Great Cinque Terre Tips From Two Aussies | Reader Feedback

First of all I’d like to congratulate you on this website as it really is the best resource on the area that I found. Since we have just returned from an 8 day stint in the CT I thought I’d add my bit on what we saw and learned whilst there as it really is a beautiful part of the world (regardless of what grumpy Holy has said below ).

Manarola:
We stayed here for 4 nights at ‘La Torretta’ hotel which is an excellent hotel with fantastic views from all rooms. The hotel is about a 5minute walk up the village from the harbor and is situated next to the top Piazza with the main bell tower in it. All rooms are very well furnished in a modern way but with furniture in keeping with the area. The staff are extremely helpful and speak good English. We paid 68 Euros per night for a double with our own bathroom outside of the room which was also extremely clean and very well maintained. If the budget permits, get a 90 euro double room as they have an even better view with their own bathroom. Would recommend the hotel to anyone but if you think you can roll up and ask for a room this wont happen as they are booked for weeks in advance ( was there June 8th – June 11th ) We saw a lot of disappointed backpackers over the 4 days, so get in fast.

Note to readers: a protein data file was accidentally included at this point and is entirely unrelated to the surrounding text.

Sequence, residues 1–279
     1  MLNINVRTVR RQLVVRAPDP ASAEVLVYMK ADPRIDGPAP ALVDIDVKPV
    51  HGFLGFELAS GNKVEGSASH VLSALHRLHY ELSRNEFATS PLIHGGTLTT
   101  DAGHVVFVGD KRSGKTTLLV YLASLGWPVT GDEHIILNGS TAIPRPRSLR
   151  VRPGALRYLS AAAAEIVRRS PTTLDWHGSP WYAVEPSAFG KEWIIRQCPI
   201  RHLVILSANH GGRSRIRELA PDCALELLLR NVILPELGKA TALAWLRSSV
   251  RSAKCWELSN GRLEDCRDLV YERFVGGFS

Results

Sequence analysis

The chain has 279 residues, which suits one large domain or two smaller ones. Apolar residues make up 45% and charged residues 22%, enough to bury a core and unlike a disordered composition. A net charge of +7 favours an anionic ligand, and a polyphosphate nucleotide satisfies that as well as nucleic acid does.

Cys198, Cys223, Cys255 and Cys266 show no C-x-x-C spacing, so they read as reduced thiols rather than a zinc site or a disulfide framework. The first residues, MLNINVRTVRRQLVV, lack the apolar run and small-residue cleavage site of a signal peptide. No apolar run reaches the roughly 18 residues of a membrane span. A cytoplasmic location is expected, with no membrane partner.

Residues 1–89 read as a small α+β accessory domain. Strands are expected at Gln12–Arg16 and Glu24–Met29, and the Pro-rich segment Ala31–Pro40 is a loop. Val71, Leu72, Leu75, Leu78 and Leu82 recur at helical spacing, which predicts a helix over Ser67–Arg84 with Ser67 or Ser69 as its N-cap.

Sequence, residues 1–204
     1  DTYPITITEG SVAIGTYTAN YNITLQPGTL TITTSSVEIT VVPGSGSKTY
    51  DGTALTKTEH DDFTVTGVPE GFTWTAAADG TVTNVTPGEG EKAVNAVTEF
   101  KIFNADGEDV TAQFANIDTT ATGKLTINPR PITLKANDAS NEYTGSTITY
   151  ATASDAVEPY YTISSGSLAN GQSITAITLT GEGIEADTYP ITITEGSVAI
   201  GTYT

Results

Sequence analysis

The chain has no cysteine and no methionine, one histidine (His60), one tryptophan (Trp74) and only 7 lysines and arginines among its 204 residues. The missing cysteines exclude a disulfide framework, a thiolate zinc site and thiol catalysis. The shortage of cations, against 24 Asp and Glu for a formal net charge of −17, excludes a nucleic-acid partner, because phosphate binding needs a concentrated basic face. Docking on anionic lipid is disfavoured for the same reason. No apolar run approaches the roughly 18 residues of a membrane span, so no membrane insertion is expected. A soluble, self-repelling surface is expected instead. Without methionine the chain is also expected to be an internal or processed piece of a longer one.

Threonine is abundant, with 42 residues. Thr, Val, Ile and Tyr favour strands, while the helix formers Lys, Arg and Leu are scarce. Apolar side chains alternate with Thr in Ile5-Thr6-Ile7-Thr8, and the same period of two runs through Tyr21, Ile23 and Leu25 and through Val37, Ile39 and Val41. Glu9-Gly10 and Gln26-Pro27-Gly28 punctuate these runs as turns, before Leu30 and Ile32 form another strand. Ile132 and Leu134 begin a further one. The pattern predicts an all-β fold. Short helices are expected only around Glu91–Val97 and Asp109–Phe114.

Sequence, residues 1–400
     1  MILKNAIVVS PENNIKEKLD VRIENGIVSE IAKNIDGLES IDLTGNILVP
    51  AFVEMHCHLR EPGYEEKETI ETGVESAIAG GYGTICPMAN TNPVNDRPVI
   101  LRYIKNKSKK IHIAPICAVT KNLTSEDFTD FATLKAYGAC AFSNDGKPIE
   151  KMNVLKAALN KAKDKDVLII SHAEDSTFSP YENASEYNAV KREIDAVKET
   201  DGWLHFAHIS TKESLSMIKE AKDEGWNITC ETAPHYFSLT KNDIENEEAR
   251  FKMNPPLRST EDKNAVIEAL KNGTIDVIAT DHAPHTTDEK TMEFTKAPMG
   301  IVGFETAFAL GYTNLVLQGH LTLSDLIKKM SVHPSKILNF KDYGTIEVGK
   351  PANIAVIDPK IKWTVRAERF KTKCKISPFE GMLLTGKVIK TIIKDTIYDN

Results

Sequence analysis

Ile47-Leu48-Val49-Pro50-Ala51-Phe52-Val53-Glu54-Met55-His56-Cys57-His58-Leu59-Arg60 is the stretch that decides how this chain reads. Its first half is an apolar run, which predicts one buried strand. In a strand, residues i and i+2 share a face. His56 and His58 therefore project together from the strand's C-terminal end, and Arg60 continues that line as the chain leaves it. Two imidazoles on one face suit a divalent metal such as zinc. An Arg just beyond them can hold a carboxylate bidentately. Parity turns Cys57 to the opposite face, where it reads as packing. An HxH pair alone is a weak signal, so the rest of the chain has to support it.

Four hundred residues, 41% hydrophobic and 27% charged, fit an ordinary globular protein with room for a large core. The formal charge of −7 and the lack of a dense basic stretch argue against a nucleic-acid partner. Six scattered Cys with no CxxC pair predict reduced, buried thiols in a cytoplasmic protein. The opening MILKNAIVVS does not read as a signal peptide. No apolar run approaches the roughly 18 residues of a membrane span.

Manarola itself is a beautiful town with very friendly people. Yes there are quite a few American teenagers on their summer break but if you eat in restaurants at night you really don’t see much of them at all here as they tend to eat at much cheaper Pizzerias and at the few takeaway places on the main strip down to the harbor. For the couples, a typical meal at one of the 3 main restaurants in Manarola will set you back about 60-70 Euros including a bottle of the CT wine which is excellent. We did eat at the Marina Piccolo Restaurant on the harbor and wouldn’t recommend it, as it was the only meal we had which we really didn’t think was value for money at all (and the waiter was a slob as well). The Manarola – Corniglia walking path number 2 ( the coastal one ) was also closed over the period we were there with no real indication as to when it was going to open again.

Riomaggiore:
This town was great and our personal joint favorite with Manarola. Here you will see REAL Italian life by REAL Italian people going about their business as opposed to Vernazza which has lost this and seems to be run by the tourism trade. The harbor is a quaint as you will find anywhere and the view from the cliff around the corner from the harbor is great for that classic harbor shot. The town is actually much bigger than it looks in the photos and stretches quite a way up the hill but still a great place to walk around and see the life. I can highly recommend La Lanterna restaurant which over looks the harbor, as the seafood there is fantastic and Conrado and his staff are very friendly and speak very good English.